Johanna Quandt, the heiress to one of the world’s greatest industrial groups, BMW, died last week at the age of 89. Here’s five of her family business attributes that remain as pertinent today as they did during her long life.
Outsiders can achieve greatness in a family business
Johanna, the daughter of an art historian Wolfgang Bruhn, wasn’t a Quandt by birth. She became Herbert Quandt’s secetuary and ended up marrying him. Herbert was the heir to the Quandt family’s huge business empire, which included stakes in Daimler-Benz and BMW. Following the death of her husband in 1982, Johanna became a supervisory board member at BMW, remaining there until 1997, and even served 10 years as deputy chair.
Understatement can often achieve the best outcomes
Johanna was known for her understated approach in managing the family’s extraordinary legacy in Germany – and at BMW. There is a story told about her that she was once asked by a stranger if she was Johanna Quandt, she replied: “Alas. That would be nice…” Her understated approach carried through to her position at BMW, which helped the iconic car maker to successfully negotiate the peaks and troughs of the automobile industry, and concentrate on the importance of long-term decision making and planning.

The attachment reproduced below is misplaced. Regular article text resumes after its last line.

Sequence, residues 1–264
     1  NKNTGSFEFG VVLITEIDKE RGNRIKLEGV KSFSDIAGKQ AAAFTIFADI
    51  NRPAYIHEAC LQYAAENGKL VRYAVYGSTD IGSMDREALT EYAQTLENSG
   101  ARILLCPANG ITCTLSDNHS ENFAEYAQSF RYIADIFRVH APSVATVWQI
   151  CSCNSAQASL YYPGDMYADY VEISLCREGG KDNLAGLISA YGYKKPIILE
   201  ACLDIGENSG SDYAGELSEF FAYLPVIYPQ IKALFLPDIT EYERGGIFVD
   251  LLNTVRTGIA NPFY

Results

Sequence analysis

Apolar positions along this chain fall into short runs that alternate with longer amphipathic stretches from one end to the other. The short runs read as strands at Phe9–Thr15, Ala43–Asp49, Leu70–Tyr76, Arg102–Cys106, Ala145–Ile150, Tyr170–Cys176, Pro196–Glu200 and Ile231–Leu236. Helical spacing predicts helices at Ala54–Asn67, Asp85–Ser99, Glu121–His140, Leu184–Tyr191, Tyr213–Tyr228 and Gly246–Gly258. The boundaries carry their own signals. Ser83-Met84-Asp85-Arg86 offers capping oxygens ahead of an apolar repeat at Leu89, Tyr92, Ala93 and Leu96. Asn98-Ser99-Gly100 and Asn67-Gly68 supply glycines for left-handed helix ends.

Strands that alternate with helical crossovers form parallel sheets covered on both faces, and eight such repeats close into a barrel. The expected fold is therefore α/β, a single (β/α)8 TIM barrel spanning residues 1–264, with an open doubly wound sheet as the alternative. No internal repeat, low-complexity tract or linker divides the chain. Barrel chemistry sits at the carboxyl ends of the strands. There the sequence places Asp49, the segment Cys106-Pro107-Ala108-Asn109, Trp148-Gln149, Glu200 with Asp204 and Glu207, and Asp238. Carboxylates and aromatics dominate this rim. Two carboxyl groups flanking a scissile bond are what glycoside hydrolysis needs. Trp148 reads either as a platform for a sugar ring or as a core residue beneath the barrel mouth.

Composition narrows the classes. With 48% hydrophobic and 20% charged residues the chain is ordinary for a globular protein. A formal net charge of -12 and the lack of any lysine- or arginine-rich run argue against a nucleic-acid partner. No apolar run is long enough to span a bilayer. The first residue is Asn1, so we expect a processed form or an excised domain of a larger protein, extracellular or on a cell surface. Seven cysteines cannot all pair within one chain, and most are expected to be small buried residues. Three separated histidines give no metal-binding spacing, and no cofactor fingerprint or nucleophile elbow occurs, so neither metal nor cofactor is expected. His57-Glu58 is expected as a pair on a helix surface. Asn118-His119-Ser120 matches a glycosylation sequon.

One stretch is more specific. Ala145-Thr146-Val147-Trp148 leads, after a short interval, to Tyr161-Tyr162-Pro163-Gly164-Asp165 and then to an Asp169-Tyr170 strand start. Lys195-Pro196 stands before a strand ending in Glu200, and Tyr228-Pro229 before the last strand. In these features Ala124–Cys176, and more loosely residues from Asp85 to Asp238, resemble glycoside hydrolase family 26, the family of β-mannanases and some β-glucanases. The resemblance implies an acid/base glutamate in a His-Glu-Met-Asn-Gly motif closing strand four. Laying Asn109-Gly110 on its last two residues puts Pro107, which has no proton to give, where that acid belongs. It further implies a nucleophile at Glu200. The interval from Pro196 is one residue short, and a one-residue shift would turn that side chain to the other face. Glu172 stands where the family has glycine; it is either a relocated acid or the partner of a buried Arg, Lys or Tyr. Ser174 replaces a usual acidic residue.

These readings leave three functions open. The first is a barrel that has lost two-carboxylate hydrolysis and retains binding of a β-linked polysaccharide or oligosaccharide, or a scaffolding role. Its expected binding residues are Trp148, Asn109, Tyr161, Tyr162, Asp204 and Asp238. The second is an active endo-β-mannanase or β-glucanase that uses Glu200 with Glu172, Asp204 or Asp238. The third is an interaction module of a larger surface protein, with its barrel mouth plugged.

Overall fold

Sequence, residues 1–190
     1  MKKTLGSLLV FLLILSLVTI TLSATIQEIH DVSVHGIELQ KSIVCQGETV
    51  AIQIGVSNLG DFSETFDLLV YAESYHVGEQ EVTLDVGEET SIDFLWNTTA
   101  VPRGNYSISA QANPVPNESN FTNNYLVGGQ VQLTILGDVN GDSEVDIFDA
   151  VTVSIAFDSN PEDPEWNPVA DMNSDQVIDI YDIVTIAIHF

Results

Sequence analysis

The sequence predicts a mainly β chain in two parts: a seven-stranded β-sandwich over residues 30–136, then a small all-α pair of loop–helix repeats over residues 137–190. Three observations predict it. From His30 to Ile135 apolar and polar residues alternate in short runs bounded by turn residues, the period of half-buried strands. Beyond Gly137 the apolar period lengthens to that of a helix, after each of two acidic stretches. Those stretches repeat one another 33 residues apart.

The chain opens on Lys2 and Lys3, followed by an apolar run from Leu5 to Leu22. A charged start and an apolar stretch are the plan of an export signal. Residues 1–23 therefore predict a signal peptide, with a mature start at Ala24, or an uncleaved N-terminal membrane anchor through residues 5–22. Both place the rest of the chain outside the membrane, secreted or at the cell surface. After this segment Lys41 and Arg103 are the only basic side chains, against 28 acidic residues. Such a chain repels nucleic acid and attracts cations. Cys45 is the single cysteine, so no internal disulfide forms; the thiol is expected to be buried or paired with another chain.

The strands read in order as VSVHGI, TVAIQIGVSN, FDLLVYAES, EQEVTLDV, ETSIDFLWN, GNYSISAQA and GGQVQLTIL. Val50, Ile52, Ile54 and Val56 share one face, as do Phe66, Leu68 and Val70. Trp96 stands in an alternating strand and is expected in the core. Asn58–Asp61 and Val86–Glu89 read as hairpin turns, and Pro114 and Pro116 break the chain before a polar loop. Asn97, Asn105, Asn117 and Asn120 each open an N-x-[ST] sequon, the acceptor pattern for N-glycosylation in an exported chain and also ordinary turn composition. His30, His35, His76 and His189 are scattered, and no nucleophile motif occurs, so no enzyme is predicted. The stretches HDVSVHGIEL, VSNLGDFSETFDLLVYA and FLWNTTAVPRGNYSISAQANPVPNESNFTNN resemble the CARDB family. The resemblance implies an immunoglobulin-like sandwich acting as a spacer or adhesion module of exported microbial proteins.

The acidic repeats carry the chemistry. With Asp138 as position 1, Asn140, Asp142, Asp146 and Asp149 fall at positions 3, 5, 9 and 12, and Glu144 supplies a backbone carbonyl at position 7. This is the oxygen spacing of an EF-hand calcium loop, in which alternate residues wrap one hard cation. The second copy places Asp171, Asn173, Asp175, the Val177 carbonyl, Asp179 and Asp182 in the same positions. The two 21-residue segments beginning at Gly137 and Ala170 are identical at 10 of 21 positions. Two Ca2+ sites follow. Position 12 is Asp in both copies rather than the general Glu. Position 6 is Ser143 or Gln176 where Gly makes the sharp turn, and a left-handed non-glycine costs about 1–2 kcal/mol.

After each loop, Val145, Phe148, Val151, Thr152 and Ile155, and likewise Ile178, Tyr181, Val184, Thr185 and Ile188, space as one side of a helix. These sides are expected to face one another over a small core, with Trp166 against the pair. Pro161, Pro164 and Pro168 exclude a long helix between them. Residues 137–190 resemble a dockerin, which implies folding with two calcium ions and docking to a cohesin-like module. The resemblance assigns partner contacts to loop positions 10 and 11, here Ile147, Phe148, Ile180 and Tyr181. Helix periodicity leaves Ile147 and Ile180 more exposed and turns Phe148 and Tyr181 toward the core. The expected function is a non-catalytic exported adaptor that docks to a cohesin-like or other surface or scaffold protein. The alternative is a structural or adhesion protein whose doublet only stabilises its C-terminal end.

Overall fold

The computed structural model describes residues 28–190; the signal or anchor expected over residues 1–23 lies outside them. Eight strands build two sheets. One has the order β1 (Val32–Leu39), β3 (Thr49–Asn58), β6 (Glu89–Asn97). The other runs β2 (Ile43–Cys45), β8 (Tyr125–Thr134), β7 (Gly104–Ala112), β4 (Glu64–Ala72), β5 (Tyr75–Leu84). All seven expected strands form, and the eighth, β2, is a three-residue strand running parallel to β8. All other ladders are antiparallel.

Outside experience is invaluable no matter what it is
Johanna’s experience as a young adult proves that no matter what one does in one’s early life it can be invaluable at a later point of one’s life. For Johanna, that experience was working as a nurse in a military hospital in Germany just before the end of the second world war. Her children reckon that time stayed with Johanna for the rest of her life and hugely influenced her approach to life.
Stability is more important that quick results
Johanna was an exponent of stable, long-term decision making. Harald Kruger, the newly appointed chief executive of BMW, said after her death was announced that she provided BMW with stability during her time at the car maker. This stability helped BMW to develop the cars it’s become so famous for today and continues to do so with the development of carbon-fibre electric cars like the i3 and i8, despite the fact that they aren’t immediately profitable. Other car companies, with management more influenced by the short-term vagaries of their company’s stock price have probably been less innovative – and less successful.
Family control is crucial to success
Herbert Quandt realised the importance of keeping BMW under family control and that sentiment was passed over to his wife. Johanna managed to ensure the family didn’t dilute their shareholdings when times were tough for BMW like when, for example, it bought the UK automaker Rover in 1994 and was saddled with huge losses. Johanna also made sure that her shareholding will be passed on to her two children – Susanne and Stefan – ensuring that the family’s loyalty towards BMW should remain intact for another generation, especially if her children have at least some of her attributes.